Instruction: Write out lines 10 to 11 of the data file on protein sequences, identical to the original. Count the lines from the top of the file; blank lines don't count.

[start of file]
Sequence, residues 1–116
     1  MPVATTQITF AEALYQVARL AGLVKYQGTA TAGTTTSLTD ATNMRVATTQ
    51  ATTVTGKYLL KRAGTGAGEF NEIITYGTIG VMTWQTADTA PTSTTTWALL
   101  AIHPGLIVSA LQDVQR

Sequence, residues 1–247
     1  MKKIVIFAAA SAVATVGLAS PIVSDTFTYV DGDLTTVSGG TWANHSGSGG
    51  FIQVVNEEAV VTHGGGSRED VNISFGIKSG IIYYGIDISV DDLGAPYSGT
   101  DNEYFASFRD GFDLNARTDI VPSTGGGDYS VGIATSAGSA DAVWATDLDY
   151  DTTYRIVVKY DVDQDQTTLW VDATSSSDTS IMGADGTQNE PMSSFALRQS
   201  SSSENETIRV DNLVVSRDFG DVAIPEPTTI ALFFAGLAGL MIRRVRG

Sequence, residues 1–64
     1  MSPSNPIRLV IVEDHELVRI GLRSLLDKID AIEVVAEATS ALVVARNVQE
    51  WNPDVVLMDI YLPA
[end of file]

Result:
   201  SSSENETIRV DNLVVSRDFG DVAIPEPTTI ALFFAGLAGL MIRRVRG

Sequence, residues 1–64